TO220 handles 50A continous without problem.  Mounted them directly on
copper plate, then isolation between plate and the alumina chassis.
Current sensing resistors (for overcurrent shutoff) made of brass, one for
each MOSFET for heat distribution.  Take good care of decoupling etc, and
impedance and coupling issues both for power and gate!!  Otherwise there
may be severe problems, like HF oscillation that might destroy the parts or
at least make lot of EMC problems!

As you may not have the same very high demands of very low Rdson maybe You
can look at the power modles made by IR, Semikron, Siemens etc.  (Probably
a lot easier, but slightly more expensive than a bunch of TO220)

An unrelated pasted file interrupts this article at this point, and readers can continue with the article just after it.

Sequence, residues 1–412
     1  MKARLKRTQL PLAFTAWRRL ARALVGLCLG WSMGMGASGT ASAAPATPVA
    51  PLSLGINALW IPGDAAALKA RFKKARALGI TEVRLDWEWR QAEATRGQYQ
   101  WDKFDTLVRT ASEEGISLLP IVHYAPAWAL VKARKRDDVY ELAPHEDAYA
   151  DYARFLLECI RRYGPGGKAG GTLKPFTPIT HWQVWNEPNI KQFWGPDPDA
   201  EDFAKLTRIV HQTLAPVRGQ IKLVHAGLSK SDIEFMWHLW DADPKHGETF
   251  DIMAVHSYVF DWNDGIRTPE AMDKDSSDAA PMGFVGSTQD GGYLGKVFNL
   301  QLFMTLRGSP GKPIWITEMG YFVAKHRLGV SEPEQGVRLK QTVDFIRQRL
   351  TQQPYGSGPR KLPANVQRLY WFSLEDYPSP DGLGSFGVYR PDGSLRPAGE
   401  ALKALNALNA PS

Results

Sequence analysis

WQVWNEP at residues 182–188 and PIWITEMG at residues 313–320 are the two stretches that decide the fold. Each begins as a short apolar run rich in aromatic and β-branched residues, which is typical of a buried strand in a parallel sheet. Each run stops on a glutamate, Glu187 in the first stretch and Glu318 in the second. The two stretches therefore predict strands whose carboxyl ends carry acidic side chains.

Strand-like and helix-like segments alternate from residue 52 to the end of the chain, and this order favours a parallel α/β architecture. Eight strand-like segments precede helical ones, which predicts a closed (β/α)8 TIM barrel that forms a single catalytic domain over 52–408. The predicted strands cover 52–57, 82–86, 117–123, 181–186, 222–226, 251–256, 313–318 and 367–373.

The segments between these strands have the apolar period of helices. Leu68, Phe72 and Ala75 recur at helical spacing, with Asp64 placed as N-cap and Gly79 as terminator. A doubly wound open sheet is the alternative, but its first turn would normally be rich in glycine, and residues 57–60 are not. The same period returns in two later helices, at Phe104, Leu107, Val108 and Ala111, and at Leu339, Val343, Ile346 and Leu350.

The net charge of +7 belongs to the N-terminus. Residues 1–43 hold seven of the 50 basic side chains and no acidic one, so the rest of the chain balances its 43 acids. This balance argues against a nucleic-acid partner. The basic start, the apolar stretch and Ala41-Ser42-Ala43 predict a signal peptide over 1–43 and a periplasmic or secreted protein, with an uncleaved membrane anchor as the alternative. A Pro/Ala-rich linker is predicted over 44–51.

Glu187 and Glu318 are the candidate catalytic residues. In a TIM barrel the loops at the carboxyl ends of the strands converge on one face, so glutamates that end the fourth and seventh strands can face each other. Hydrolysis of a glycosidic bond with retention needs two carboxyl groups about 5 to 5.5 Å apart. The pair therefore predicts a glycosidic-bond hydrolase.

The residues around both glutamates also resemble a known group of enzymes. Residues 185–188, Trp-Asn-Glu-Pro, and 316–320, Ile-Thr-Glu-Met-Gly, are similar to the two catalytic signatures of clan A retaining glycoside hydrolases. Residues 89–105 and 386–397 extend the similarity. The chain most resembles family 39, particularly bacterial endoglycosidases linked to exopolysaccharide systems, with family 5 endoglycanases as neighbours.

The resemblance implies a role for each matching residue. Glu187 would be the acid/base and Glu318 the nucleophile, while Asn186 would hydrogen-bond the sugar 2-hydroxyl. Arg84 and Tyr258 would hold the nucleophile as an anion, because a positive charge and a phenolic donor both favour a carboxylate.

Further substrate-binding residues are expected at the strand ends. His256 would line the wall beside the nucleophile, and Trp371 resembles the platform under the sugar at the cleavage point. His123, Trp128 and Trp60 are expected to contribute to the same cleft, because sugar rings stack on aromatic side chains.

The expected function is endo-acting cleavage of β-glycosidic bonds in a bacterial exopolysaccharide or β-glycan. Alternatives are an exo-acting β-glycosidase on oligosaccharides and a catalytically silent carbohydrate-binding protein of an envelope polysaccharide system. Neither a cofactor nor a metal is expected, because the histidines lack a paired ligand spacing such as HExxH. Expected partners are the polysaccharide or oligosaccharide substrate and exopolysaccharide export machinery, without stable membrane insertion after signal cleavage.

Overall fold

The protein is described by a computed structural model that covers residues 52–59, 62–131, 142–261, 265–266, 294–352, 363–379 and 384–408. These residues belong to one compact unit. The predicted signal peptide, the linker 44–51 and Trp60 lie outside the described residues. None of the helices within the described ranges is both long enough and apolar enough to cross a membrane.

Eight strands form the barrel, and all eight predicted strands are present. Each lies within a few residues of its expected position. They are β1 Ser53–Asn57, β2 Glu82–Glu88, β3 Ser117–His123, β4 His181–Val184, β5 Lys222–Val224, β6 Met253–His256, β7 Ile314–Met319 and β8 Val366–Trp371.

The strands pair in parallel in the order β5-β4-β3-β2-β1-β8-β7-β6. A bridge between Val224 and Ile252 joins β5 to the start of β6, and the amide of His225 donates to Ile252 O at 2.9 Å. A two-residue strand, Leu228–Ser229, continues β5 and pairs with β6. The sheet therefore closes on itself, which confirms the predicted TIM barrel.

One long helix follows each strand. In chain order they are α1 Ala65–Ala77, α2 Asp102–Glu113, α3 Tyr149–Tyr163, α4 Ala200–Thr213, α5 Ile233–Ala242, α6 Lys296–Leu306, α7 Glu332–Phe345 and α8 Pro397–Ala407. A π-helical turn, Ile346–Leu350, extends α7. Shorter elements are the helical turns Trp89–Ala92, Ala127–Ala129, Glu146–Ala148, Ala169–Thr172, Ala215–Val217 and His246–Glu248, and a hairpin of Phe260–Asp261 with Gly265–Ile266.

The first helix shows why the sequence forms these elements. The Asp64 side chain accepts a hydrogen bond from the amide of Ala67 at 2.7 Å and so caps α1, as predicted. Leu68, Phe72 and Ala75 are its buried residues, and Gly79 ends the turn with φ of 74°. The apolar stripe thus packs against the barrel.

For your short, widely spaced pulses you will not need much cooling,
instead look at the thermal impedance of the devices and see how high in
current You can go for the short on-times.

Good luck

/Morgan

>Thanks.
>
>Andy
>
>==================================================================
>                     Andy Kunz - Montana Design
>          Go fast, turn right, and keep the wet side down!
>==================================================================
>
>
/  Morgan Olsson, MORGANS REGLERTEKNIK, SE-277 35 KIVIK, Sweden \
\  mrtspamKILLspaminame.com, ph: +46 (0)414 70741; fax +46 (0)414 70331    /

1998\05\12@201049 by Kalle Pihlajasaari

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Hi Andy,

What be you making now.  Trying your hand out with some electro forming